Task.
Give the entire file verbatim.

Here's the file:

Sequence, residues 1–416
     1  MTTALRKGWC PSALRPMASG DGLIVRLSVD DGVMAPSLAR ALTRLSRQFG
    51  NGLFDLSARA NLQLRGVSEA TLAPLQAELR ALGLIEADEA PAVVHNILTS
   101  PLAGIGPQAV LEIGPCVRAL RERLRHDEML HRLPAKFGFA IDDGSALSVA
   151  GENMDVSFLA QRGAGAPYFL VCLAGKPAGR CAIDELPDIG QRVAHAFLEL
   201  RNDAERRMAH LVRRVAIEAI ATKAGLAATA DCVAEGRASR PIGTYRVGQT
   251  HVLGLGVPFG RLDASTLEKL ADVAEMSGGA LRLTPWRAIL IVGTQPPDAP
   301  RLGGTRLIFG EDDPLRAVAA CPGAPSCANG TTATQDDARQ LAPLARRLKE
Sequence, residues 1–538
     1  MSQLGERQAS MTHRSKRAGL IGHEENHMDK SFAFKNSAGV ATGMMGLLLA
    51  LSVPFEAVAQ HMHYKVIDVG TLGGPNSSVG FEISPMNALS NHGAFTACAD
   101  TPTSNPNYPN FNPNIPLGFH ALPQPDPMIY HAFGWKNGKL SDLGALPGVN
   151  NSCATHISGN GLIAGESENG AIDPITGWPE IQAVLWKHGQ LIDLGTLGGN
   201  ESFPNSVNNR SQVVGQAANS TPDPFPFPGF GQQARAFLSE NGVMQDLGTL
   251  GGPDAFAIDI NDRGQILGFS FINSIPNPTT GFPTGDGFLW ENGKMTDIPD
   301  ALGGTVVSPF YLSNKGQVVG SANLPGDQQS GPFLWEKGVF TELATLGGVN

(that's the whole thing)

Sequence, residues 1–416
     1  MTTALRKGWC PSALRPMASG DGLIVRLSVD DGVMAPSLAR ALTRLSRQFG
    51  NGLFDLSARA NLQLRGVSEA TLAPLQAELR ALGLIEADEA PAVVHNILTS
   101  PLAGIGPQAV LEIGPCVRAL RERLRHDEML HRLPAKFGFA IDDGSALSVA
   151  GENMDVSFLA QRGAGAPYFL VCLAGKPAGR CAIDELPDIG QRVAHAFLEL
   201  RNDAERRMAH LVRRVAIEAI ATKAGLAATA DCVAEGRASR PIGTYRVGQT
   251  HVLGLGVPFG RLDASTLEKL ADVAEMSGGA LRLTPWRAIL IVGTQPPDAP
   301  RLGGTRLIFG EDDPLRAVAA CPGAPSCANG TTATQDDARQ LAPLARRLKE
Sequence, residues 1–538
     1  MSQLGERQAS MTHRSKRAGL IGHEENHMDK SFAFKNSAGV ATGMMGLLLA
    51  LSVPFEAVAQ HMHYKVIDVG TLGGPNSSVG FEISPMNALS NHGAFTACAD
   101  TPTSNPNYPN FNPNIPLGFH ALPQPDPMIY HAFGWKNGKL SDLGALPGVN
   151  NSCATHISGN GLIAGESENG AIDPITGWPE IQAVLWKHGQ LIDLGTLGGN
   201  ESFPNSVNNR SQVVGQAANS TPDPFPFPGF GQQARAFLSE NGVMQDLGTL
   251  GGPDAFAIDI NDRGQILGFS FINSIPNPTT GFPTGDGFLW ENGKMTDIPD
   301  ALGGTVVSPF YLSNKGQVVG SANLPGDQQS GPFLWEKGVF TELATLGGVN